Many students found themselves on the slopes of a mountain or on the sunny shores of some beach this past spring break. One of the most popular, relaxing escapes from school is taking a cruise. As more people seem to be taking to the seas for a vacation, the danger and fatality rates seem to be going up as well. The question of safety is at the forefront of discussion right now. Is this great escape worth the risk?
Anywhere we go and anything we do will hold somewhat of a risk. I don’t necessarily believe that should stop us from living life and doing what we want. When it comes to cruises, the media has over-heightened a few accidents that have made for some rough waters in the cruise industry. Meanwhile, there are still many successful, tremendous ships out there, with people on board making memories. Personally, I would love to join them.
It is no secret that tragic accidents have been making news headlines everywhere recently. Where is cruise fatality risk, though, in comparison to any other method of travel, say flying or driving? According to a Jan. 27, 2012 BBC article titled, “What is the safest mode of travel?” the odds of dying on a cruise are very low. Only 16 people died in cruise accidents from 2005 to 2011 out of 100 million passengers, according to the Cruise Lines International Association (CLIA). That puts the odds of death over that period of time at one in 6.25 million. The article does note that there is no public database on cruise line accidents.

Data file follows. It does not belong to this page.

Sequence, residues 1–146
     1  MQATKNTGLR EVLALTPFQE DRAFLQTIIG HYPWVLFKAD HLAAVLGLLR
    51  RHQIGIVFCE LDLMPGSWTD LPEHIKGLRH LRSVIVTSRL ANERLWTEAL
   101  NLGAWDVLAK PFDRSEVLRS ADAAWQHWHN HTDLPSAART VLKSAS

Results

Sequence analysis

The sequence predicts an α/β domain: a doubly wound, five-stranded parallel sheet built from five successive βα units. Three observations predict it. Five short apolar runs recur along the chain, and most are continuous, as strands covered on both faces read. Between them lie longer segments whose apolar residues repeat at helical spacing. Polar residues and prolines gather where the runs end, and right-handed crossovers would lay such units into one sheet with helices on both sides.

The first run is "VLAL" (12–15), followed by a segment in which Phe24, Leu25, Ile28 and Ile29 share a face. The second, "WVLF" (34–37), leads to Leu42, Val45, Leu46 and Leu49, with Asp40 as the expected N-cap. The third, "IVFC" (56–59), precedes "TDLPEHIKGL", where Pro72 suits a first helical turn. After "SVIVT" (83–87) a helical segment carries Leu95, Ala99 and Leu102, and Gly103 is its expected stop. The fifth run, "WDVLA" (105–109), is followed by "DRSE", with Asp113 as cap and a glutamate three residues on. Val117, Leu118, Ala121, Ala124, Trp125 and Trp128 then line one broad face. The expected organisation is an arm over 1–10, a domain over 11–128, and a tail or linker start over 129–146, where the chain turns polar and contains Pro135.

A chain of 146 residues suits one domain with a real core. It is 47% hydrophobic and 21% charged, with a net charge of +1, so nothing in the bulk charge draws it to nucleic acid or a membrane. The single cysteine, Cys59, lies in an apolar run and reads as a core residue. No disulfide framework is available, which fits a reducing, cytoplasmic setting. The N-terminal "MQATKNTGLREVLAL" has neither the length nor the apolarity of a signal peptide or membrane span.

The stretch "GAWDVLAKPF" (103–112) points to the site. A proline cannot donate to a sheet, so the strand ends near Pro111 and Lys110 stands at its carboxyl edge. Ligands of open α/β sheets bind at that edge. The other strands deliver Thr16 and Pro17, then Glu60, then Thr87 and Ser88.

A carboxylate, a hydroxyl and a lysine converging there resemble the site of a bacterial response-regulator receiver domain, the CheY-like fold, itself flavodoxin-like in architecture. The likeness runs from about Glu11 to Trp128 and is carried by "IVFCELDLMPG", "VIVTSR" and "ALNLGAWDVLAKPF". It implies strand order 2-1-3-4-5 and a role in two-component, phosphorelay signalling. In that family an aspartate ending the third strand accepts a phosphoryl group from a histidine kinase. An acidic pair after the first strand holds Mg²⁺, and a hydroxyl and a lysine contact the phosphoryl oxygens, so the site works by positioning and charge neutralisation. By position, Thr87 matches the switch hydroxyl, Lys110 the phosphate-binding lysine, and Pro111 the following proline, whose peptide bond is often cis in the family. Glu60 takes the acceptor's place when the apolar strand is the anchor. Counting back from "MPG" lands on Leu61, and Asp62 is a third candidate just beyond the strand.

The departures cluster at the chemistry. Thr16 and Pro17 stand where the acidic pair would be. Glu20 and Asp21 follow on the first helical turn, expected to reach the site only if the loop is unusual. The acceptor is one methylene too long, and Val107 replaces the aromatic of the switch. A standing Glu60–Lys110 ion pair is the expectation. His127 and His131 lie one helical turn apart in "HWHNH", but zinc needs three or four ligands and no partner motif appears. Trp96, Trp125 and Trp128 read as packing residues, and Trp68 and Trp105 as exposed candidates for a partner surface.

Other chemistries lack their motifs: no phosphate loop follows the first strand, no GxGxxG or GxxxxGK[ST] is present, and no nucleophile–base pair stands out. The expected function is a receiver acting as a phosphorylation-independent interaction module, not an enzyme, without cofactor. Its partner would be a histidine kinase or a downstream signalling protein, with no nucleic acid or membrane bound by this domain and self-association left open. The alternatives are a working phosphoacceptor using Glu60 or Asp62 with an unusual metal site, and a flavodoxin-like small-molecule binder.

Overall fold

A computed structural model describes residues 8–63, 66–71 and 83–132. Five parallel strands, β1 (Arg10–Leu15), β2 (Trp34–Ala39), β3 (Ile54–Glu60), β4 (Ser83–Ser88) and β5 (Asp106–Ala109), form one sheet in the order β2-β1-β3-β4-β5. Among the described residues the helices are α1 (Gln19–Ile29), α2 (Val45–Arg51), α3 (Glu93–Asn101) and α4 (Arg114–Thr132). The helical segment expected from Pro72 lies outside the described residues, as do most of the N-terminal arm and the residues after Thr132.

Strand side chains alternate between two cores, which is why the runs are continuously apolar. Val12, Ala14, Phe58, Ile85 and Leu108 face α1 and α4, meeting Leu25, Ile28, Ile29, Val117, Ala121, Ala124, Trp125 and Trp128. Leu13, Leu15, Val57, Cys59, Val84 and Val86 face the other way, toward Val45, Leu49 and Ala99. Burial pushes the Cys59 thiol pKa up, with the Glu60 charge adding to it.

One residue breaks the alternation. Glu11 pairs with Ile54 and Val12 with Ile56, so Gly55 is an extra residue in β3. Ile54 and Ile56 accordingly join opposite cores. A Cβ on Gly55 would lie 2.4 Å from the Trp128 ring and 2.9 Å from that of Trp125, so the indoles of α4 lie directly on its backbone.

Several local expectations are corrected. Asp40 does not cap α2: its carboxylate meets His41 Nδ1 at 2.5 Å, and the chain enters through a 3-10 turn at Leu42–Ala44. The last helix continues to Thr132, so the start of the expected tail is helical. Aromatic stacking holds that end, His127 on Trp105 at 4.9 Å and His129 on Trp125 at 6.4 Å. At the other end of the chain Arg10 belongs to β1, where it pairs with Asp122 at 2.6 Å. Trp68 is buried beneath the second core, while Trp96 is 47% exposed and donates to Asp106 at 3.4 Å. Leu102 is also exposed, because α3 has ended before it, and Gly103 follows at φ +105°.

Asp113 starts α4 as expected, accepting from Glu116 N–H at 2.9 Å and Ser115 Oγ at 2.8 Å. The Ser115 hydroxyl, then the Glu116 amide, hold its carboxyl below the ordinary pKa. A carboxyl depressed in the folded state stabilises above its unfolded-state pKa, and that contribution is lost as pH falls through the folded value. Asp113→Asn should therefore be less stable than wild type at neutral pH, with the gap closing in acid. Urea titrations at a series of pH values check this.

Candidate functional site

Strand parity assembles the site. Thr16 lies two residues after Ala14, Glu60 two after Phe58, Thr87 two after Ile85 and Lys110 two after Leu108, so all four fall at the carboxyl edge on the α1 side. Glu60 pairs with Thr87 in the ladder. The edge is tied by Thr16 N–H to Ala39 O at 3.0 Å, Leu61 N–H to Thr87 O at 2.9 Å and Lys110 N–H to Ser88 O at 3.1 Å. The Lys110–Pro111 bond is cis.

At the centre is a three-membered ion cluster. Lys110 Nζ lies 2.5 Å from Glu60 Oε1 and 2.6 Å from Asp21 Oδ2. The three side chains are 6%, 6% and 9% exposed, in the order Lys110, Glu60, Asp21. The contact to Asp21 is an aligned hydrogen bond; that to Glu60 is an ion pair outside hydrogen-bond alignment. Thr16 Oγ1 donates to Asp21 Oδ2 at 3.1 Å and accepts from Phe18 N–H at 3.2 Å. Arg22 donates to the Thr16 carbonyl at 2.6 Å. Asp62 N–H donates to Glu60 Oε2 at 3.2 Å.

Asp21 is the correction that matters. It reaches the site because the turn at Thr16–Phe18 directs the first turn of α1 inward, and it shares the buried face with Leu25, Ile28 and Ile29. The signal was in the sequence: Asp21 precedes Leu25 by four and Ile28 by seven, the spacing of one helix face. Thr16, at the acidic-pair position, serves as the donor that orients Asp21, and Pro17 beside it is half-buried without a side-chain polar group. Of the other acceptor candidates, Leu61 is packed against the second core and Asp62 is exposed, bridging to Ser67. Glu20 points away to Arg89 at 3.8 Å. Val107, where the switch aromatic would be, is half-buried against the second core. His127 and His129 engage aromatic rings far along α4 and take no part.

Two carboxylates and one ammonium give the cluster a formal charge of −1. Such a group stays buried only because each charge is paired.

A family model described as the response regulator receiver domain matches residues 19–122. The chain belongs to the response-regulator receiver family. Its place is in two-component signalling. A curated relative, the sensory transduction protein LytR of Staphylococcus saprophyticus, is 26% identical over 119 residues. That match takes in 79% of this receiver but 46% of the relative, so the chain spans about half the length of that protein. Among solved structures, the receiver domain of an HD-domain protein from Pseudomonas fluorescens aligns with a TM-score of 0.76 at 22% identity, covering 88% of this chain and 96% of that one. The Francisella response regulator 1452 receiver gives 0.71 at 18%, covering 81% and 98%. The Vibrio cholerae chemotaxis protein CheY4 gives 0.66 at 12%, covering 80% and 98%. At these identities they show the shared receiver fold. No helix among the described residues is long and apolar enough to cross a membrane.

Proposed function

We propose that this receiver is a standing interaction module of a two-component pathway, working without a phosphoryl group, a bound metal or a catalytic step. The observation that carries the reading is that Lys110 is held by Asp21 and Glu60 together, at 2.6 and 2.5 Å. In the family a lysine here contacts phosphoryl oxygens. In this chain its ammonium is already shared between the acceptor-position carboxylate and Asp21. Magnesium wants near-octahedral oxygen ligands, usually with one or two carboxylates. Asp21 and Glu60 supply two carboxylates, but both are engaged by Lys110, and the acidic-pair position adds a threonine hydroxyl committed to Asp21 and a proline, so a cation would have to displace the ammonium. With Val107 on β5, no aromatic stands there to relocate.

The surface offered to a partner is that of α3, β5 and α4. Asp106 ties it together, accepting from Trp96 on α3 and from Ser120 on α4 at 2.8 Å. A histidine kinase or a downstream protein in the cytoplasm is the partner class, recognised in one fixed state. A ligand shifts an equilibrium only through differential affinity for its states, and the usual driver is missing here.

While different incidents in the past couple of years have made this number rise, it is still significantly lower than say, driving a vehicle, which is the most dangerous method of transport, followed by airplanes. Funny how the most common method of travel, the one most of us use every single day, holds the biggest risk, yet is feared the least.
On Jan. 8, a catamaran carrying dozens of foreign tourists on a pleasure cruise capsized off the coast of Costa Rica, killing three people. According to a New York Daily News article titled, “Three dead after pleasure cruise carrying 109 sinks off Costa Rica,” the boat had been properly permitted and the port captain had said it could set sail. Initial reports of an explosion and fire were mistaken, firefighter corps director Hector Chavez said in the article.
It was not the actual cruise itself at the root of the problem, simply poor circumstances. The risk of a situation like this can be found anywhere in any method of transportation; however, headlines focus more on a cruise accident much more than any other type of accident, because they are more rare.
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Cruises can be unforgettable fun. Most great excursions in life hold some sort of potential danger. As a strong advocate for living life to its fullest, I believe fear should not hold people back from making memories. They should simply take steps to be fully prepared and informed, ready for anything that could come their way. According to a NBC News article titled, “Nine tips for cruise safety,” there are ways to ensure your safety on a cruise, for example, checking out a ship’s report card and keeping your guard up.
Book that cruise, sit back and take a deep breath. Kick fear out of your mind and enjoy the ride. As long as you just think safe, it will be smooth sailing for days.